So I realized that because of reading Rurouni Kenshin, I was curious about the civil war in Japan that ended the Tokugawa shogunate and lead to the Meiji Era. I asked my dad if he, having experience tracking down history books, could find me one good book on the subject. Just one. I specified because I idly asked if FDR interfered with her generals two and a half years ago and I'm still getting books on World War II. Better to stop him before he starts.
Even so, he couldn't restrict himself to fewer than two, this being the broader, more general history, running from the formation of the shogunate up to the modern day. I went ahead and read the sections on the shogunate, because I figured it would be useful to have an understanding of what it was doing that people found objectionable enough to rebel against, but stopped once I got to the end of World War II. I might read the last two chapters some other time, but they're outside the scope of my interest at the moment.
I don't know that the book really helped me understand what I was interested in exactly, but it did cover a lot of other things I didn't necessarily know or grasp. That Japan was still trading with China (or China through Korea) during those years when it was supposedly closed off to the world. Really, it was mostly closed off to Europe, because the power structure in Japan didn't see Europeans as a positive influence so much. Especially worried about Christianity. The whole peculiar aspect of the Restoration, where the Emperor is supposedly restored as the supreme power from which all authority is derived, but they don't want him to actually make any decisions. Because if he does, and they're the wrong ones, that contradicts the idea he's infallible. So you have various ministers in the government trying to maneuver to gain his approval for their plans, to essentially use that as a bludgeon against forces opposing them. The way the shogunate seemed more concerned with keeping all the domains under it from cooperating, rather than trying to bring everyone together as a cohesive nation.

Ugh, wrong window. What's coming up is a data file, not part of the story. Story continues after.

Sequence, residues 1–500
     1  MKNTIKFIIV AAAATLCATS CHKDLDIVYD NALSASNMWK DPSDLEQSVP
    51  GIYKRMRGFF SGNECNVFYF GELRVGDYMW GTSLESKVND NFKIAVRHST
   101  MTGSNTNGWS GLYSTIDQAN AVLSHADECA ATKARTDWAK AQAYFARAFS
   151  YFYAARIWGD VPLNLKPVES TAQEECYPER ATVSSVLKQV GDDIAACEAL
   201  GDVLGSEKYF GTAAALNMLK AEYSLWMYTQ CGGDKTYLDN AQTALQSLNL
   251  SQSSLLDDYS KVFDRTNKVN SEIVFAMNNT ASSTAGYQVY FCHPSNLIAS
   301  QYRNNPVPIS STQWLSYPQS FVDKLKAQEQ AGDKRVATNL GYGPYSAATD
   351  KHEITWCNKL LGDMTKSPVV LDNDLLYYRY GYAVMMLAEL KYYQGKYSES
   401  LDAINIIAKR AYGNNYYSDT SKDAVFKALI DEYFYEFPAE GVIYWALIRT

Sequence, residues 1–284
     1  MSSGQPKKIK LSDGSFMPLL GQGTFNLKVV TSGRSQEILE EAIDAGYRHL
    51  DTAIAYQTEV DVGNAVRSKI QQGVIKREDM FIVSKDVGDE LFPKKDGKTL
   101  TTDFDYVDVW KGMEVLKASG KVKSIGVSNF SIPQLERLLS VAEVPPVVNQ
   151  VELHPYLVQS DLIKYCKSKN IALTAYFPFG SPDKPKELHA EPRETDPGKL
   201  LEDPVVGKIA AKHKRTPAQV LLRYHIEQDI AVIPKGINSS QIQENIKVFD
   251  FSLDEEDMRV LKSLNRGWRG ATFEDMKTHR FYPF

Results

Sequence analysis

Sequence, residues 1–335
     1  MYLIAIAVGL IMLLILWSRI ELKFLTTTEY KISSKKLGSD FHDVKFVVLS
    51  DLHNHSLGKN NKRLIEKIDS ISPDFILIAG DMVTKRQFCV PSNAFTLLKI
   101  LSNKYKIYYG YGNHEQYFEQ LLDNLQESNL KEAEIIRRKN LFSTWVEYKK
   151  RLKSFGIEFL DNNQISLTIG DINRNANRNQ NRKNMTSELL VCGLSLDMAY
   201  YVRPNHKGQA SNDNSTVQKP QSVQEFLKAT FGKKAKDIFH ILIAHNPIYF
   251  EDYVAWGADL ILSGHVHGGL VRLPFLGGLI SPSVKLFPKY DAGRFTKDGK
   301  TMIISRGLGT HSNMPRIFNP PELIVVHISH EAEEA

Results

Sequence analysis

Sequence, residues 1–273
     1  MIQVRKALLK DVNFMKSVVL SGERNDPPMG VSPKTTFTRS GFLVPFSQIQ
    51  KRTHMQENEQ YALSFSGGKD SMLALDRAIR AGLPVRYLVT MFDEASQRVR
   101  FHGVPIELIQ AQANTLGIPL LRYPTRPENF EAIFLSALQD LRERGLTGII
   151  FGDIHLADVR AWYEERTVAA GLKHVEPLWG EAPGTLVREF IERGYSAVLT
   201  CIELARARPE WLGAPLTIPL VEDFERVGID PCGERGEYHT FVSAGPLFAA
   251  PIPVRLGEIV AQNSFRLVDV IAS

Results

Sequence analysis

Some parts of the book are more interesting to me than others. As usual, discussion of art and literature are not terribly engaging, although I did have the suspicion contributions by Japanese women were being short-changed. I know when I read that book on Japanese history last fall, women were quite influential in writing stories among other things. But here, women get almost no mention at all, which is the sort of thing I have to wonder about.
'By the same token, foreign borrowing in the nineteenth century could also be justified. Mori Arinori's debate with the Chinese leader Li Hung-chang in 1876 expressed this perfectly. Li, looking disdainfully at Mori's Western suit, asked if Mori's Japanese ancestors had dressed that way. No, Mori had replied, they had adopted Chinese dress, but it was no longer practical; Japan had always taken the best of other civilizations for itself, and it was doing so once more.'